In many parts of the world, obesity is a growing cause of ill-health. In all countries, harmful consumption of alcohol as well as tobacco cause ill-health with massive negative effects on population health and social welfare. Prevention is better than cure. Evidence based prevention methods, when properly implemented, are often cost effective and can provide options to use scarce resources in key development areas such as childrens schooling.
Given the commitments we have made to reduce poverty by half in 2015, it is worrying that the health-related Millennium Development goals, in particular goal 5, are lagging behind in progress compared to other MDGs. Women are dying due to lack of basic services, lack of prenatal care, maternal care and unmet needs of sexual and reproductive health including access to contraceptives and knowledge. The lack of progress in terms of MDG 5 reflects persistent discrimination of women, which particularly affects the poorest and less educated. It is time for the international community and policy makers at all levels to take firm action and change perspective. To learn from hiv and aids, that ill health can not be halted by doctors and medicines alone. The European Union affirms our strong support for and commitment to the full implementation for the Cairo Programme of Action, as well as the key actions for the further implementation of the ICPD Programme of Action agreed at ICPD + 5, and the Copenhagen Declaration and Action Programme; and also emphasises that gender equality cannot be achieved without guaranteeing women’s sexual and reproductive health and rights, and reaffirm that expanding access to sexual and reproductive health information and health services are essential for achieving the Beijing Platform for Action, the Cairo Programme of Action and the Millenium Development Goals.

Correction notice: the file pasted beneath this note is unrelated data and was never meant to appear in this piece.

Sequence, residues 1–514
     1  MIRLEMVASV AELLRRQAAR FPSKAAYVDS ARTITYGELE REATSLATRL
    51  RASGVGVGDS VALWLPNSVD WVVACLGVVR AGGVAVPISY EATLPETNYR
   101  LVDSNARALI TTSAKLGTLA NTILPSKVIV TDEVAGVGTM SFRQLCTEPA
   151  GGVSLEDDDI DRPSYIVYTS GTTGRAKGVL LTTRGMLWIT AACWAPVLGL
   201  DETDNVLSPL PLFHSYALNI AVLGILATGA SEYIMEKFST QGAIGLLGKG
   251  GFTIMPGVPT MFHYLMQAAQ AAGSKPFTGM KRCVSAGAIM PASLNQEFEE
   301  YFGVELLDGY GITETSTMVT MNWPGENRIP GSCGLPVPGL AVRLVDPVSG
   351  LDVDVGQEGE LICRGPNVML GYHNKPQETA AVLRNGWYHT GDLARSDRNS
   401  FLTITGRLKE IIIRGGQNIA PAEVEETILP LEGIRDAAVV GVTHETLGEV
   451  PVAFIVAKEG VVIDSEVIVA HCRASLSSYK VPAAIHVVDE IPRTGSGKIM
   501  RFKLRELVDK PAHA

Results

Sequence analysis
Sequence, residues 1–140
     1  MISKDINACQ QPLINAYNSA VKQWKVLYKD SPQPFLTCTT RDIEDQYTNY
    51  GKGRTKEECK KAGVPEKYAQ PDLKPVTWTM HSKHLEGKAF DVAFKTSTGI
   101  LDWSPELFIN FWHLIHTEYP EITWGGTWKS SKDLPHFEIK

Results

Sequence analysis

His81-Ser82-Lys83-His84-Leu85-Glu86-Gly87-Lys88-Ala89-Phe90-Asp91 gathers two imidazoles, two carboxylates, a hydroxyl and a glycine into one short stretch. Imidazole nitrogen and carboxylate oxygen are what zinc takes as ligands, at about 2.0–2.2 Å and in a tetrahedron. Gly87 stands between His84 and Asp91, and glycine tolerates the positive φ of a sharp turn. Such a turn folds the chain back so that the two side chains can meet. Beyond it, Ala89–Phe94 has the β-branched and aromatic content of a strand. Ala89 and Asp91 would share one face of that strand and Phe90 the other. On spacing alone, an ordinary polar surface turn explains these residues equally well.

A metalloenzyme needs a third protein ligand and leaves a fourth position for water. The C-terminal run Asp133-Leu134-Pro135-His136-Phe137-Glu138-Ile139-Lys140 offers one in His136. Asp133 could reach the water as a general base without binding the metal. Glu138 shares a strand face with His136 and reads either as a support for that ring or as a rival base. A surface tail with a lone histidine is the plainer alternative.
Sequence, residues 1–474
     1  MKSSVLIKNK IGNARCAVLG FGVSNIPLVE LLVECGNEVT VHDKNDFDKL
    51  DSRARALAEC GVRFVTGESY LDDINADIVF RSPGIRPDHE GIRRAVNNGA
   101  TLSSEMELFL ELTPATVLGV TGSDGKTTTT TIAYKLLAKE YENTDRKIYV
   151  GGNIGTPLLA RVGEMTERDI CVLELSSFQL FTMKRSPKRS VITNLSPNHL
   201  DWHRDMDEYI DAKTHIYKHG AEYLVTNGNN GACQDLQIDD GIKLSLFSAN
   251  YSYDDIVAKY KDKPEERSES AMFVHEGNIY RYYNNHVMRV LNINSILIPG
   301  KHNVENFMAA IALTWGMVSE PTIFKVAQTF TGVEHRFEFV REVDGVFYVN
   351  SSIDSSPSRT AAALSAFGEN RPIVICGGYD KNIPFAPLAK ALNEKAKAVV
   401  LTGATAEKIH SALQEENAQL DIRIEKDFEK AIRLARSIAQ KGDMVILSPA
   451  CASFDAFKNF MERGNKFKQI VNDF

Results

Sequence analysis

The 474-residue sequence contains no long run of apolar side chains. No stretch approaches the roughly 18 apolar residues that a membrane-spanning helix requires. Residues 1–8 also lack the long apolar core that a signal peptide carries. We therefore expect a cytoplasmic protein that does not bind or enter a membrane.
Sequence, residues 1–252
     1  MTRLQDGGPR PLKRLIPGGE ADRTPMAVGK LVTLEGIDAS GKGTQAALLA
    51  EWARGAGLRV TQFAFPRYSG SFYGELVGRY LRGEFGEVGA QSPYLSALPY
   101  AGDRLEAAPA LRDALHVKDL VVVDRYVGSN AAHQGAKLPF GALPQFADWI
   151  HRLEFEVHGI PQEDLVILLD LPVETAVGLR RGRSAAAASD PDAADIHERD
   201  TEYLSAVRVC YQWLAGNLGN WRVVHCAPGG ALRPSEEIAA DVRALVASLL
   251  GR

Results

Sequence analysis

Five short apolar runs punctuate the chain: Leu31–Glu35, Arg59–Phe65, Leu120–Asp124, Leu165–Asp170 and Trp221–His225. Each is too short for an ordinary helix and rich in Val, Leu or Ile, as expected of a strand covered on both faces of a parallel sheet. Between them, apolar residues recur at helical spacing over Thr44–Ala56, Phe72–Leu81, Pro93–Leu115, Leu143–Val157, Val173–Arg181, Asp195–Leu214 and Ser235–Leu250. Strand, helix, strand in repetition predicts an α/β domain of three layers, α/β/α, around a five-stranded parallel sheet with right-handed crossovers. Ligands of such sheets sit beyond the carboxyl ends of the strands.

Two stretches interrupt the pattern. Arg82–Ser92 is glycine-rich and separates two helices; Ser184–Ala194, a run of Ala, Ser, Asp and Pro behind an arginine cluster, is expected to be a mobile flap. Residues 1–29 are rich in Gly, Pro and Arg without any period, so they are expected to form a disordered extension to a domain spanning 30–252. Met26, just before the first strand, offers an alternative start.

The EU supports the attainment of the targets set in 2005 regarding universal access to reproductive health, as well as the 2010 milestone to have 35 million more births attended by skilled personnel each year, of which 13 million in Africa. We want to reduce maternal mortality by three quarters by 2015, which would require 21 million more births attended by skilled health personnel by 2010. The EU will provide support the target of reaching 50 million more women in Africa with modern contraceptives by 2010. All in all, my second conclusion is that we, as a global community, must make concerted efforts to address ill-health among those who suffer particularly from discrimination and disempowerment. The EU will continue to act firmly in this regard.
My third point is that resources available for health must be put in effective use.